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Standing in an open wheat field near the cut in the ridge, and looking towards the long white serrated parapets on the heights opposite, screened by a thicket of young pines and a clump of tall forest trees, is a battery, which, from the conformation of the hill, has an enfilading fire on a portion of our rifle-pits, and on any force attempting to charge across the valley. It was determined, therefore, to assault, and, if possible, carry this work.

At 1:30 P. M. General Judah was directed to lead a column against the heights, and Turchin descending the precipice in his front was to form in line and move to his support. At the same time, by way of diversion, Johnson was to quit his line and charge the heights immediately opposite.

The forces advanced under a terrific hail of bullets, shells, grape, and deathly missiles of every character, in the following order:

Hascall, of Judah's line, lapped Turchin's left in front. The right of Turchin and the left of Judah were somewhat screened, while the flanks lapping were exposed to a seething fire. There was no lagging. The colors of every regiment went right along to the base of the stronghold, and until the men were sheltered by the front from the artillery, which could not be sufficiently depressed to do them harm. Now from every angle along the line within range of the stormers poured down the merciless sleet of bullets. Artillery opens on both sides, and the whole valley is filled with the dun, sulphurous smoke, through which the steady assailants move more like churchyard ghouls or gnomes than human beings, braving the terrors of our modern Mars.

A half hour later, and the quick, sharp volleys, further to the right, announce that Johnson is on the move. He, too, with banners flying, and covered by the plunging shell and canister, is fighting his way across the valley with the object of assaulting the enemy's works. As the line left the slope on the perilous charge, Captain Irvine McDowell, of the Fifteenth Kentucky, than whom, for bravery and exemplary qualities of heart, no man in the division was more highly esteemed, dropped from the line a bloody corpse. Here, too, in this charge, memorable ever as connected with that bloody assault of Judah and Turchin, fell Captain Fotrel and Lieutenant Higby, the latter of the Thirty-third Ohio.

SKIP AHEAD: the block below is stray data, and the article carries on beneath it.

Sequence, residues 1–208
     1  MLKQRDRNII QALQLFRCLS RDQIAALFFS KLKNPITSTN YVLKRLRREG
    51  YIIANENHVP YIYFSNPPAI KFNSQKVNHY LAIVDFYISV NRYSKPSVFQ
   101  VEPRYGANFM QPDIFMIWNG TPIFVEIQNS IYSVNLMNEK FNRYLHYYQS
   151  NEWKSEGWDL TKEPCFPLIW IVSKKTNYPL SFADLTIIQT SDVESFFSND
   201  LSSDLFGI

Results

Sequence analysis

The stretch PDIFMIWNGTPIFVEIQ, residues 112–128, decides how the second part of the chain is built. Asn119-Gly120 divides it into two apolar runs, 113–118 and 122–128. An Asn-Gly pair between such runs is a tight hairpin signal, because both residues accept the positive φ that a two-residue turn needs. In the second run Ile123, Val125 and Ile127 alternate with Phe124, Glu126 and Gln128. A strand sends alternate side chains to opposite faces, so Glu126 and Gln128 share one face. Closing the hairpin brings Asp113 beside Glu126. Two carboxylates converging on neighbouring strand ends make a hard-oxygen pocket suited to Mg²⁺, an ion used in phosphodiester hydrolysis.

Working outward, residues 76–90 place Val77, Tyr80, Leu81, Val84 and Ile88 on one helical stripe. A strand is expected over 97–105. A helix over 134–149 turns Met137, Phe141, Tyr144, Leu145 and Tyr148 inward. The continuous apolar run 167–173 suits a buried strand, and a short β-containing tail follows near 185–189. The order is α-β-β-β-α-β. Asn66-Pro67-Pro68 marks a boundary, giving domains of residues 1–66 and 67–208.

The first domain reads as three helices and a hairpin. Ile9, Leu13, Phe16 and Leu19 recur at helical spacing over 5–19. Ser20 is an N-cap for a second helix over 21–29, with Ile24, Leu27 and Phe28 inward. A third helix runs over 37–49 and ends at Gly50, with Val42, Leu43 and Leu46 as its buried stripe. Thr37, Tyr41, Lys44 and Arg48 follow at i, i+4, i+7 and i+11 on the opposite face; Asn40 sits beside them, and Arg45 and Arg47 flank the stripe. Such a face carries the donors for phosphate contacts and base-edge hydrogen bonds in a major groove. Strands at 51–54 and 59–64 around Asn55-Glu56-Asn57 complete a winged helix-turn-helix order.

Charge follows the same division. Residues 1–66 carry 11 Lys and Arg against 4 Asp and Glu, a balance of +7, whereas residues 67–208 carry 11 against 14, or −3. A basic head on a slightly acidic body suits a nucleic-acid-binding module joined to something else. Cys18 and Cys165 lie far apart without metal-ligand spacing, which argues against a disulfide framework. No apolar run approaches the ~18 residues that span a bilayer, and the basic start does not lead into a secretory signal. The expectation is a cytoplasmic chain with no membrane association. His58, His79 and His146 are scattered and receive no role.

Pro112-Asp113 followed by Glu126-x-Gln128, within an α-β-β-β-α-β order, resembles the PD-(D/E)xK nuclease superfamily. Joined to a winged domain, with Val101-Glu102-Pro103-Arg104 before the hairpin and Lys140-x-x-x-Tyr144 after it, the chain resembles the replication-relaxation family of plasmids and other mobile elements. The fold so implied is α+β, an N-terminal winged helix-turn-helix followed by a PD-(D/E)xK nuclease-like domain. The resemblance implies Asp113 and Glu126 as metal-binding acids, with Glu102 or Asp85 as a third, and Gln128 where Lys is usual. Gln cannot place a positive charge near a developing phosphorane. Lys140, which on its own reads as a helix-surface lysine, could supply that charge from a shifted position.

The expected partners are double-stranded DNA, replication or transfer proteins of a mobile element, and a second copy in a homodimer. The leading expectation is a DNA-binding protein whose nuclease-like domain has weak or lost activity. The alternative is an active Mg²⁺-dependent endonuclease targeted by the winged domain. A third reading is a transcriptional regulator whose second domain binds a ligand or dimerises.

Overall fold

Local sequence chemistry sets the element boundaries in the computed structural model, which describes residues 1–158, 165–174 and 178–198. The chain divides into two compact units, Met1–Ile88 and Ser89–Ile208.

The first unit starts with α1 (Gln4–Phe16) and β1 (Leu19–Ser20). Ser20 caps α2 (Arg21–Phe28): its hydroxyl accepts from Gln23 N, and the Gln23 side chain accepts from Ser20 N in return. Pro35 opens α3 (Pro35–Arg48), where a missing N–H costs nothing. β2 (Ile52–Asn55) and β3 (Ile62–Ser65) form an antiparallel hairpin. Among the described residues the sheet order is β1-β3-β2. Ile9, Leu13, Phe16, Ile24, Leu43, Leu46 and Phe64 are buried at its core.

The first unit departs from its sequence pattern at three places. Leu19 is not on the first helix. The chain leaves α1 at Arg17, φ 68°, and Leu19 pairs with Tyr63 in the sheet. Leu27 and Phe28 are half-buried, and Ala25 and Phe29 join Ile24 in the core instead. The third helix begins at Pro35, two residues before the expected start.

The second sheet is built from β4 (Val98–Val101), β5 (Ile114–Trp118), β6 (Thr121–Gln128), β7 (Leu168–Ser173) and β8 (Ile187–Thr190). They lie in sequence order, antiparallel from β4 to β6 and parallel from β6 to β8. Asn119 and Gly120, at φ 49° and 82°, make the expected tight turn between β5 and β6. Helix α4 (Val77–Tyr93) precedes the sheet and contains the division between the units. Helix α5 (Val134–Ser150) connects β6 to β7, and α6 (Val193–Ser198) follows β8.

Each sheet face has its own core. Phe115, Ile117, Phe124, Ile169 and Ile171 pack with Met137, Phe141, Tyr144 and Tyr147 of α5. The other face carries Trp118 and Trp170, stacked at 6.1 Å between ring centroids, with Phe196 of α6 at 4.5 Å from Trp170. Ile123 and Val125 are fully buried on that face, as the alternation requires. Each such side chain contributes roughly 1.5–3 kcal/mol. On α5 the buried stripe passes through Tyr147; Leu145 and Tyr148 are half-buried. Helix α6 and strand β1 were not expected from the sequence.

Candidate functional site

Johnson, unable to scale the hill, retires, and the enemy, pouring over his works, form in line to charge him. Facing about the thrilling “forward” rings again along the line. and Johnson's men have again scattered, as the wind scatters the straws before it, the presumptuous graycoats that thought to follow him.

Let us return again to the assailants under Judah and Turchin. Still persistently the column clings to the slope, and seems determined to have the fort if fighting will suffice to capture it. Now and then the sulphur cloak that obscures and at times hides them from view floats off on the breeze, and clear and bright above the line that sways first to the right then to the left, now advances, now retires, but still bleeds on, floats, and flaps our flag so plainly that I half imagine I can hear the rustle of its silken folds.